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Endless Inspiration

By Joe Gebbia

Photography by Nicholas Calcott

Airbnb cofounder Joe Gebbia shares something of the singular role Ray and Charles Eames played in his own journey—and why it’s impossible to get bored at the Eames Ranch.

Collage image includes a black molded plywood Eames chair, patterned papers in yellows and reds and a plywood leg splint.
 

When I enrolled at the Rhode Island School of Design (RISD), I was convinced I would pursue fine art—painting, specifically. However, during my freshman year, I was flipping through a coffee-table book documenting the best designs of the twentieth century, and landed on the Molded Plywood Lounge Chair by Ray and Charles Eames. I became obsessed by what I saw, even though at first I thought they were brothers. The more I learned about them (including the fact that they were actually a couple) and their work, the more I felt like a whole new universe had emerged. I had been unaware of the realm of industrial design, and I began to understand that design had the power to influence people at scale. I saw how designers’ visions were meant to be replicated and distributed widely, and served as a functional form of art that could reach the masses with creativity and usefulness. The Eameses’ philosophy of design—to make the best for the most for the least—was riveting, and inspired me to change my major to Industrial Design, setting me on a different course entirely.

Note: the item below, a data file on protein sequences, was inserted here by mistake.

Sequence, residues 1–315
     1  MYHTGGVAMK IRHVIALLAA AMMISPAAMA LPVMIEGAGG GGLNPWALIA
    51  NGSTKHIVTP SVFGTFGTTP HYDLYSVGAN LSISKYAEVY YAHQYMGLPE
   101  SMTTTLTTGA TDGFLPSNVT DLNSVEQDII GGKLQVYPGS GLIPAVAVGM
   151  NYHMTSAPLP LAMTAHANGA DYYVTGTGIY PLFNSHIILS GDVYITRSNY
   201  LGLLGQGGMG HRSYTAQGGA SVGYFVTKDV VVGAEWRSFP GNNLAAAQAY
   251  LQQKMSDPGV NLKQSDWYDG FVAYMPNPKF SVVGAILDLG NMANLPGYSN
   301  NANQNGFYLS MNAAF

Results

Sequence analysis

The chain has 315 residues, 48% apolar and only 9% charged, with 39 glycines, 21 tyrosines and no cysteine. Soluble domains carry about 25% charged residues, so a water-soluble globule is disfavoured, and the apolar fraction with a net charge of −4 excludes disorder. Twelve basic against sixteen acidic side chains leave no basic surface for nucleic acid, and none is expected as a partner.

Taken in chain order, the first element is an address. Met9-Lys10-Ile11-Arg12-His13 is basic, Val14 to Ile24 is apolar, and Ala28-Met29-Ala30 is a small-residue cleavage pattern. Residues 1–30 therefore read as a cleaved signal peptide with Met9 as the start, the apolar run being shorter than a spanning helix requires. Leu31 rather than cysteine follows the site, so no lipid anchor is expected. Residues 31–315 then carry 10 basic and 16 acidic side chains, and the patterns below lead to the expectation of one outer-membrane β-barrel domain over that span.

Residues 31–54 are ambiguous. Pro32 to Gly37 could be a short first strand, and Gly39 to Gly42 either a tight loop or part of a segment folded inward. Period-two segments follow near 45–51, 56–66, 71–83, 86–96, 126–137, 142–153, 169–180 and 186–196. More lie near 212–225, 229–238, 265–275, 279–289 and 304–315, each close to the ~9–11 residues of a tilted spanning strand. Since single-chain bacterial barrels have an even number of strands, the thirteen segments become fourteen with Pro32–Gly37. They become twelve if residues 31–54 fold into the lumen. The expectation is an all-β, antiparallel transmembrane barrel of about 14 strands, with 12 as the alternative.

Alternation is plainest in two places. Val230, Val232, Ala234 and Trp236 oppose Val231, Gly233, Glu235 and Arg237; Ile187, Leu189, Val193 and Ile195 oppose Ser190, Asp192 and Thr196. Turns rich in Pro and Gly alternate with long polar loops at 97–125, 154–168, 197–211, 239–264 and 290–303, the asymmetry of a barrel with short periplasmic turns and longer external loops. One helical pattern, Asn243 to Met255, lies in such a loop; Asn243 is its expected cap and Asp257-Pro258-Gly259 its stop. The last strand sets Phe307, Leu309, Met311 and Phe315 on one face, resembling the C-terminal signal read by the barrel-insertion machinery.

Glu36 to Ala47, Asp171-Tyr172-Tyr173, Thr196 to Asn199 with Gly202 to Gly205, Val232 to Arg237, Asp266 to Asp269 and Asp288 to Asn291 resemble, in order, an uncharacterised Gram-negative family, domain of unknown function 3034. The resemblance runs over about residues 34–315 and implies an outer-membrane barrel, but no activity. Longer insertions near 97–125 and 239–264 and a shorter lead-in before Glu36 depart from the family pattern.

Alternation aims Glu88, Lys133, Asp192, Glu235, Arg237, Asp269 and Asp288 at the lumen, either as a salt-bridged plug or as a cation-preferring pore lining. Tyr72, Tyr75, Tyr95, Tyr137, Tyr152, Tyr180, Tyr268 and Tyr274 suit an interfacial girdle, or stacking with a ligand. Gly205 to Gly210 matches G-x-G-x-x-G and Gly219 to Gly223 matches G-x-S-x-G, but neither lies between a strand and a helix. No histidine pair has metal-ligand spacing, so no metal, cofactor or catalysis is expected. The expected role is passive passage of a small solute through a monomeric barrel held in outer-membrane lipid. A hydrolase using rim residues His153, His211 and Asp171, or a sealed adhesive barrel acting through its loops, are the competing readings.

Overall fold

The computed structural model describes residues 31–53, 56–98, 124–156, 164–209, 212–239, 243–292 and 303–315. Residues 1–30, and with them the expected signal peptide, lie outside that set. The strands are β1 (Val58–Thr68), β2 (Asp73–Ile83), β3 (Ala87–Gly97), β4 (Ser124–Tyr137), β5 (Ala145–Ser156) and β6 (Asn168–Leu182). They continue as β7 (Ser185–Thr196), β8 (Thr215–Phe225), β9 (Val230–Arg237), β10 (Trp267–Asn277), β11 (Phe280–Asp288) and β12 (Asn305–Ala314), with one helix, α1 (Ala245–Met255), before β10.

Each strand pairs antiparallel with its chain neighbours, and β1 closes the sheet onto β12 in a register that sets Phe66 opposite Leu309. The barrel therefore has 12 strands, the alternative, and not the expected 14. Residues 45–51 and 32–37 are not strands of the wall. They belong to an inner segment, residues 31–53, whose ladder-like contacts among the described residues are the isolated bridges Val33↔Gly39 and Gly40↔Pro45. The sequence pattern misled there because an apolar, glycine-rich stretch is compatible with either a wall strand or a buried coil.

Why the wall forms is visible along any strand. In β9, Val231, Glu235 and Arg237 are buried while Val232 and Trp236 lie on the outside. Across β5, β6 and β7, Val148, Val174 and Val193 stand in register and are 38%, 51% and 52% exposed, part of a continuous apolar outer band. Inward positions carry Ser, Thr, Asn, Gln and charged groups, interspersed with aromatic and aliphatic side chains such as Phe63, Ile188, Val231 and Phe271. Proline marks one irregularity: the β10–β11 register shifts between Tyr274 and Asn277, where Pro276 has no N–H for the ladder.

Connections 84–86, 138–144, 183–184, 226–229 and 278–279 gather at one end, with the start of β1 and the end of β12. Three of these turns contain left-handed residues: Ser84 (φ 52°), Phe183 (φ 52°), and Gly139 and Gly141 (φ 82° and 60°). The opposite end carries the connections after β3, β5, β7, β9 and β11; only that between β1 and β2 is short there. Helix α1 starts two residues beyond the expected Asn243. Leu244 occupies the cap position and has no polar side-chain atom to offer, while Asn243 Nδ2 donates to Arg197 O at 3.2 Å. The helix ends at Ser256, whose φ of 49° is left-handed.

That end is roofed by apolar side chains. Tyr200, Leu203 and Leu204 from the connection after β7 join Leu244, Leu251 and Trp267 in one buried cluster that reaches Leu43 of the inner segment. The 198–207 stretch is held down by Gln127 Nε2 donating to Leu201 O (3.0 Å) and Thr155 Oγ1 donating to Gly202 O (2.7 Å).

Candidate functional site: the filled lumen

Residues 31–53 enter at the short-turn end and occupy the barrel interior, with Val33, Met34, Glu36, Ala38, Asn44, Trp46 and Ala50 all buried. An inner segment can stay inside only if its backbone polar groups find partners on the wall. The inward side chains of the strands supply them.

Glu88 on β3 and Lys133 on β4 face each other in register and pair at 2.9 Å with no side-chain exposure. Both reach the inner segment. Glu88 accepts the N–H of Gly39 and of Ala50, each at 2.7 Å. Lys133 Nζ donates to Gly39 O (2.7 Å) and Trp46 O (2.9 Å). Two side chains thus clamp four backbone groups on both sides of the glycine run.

I took many of the lessons I learned from the Eameses with me after I graduated from RISD. Their playful approach to the world, knack for problem-solving within constraints, and attention to detail all influenced me as I embarked on my next journey—founding and scaling Airbnb. In my new role as the head of a company, I found myself applying their design processes to better communicate with my team, collaborate more effectively, and empower others. The hybrid nature of their work—how they went from film to furniture, or architecture to experiences—spoke to how I saw myself as a creative person, and fueled my work on all fronts

Airbnb cofounder Joe Gebbia and Llisa Demetrios inspect a hand-carved prototype part for the Aluminum Group chair. Shelves in the background contain various Eames chairs.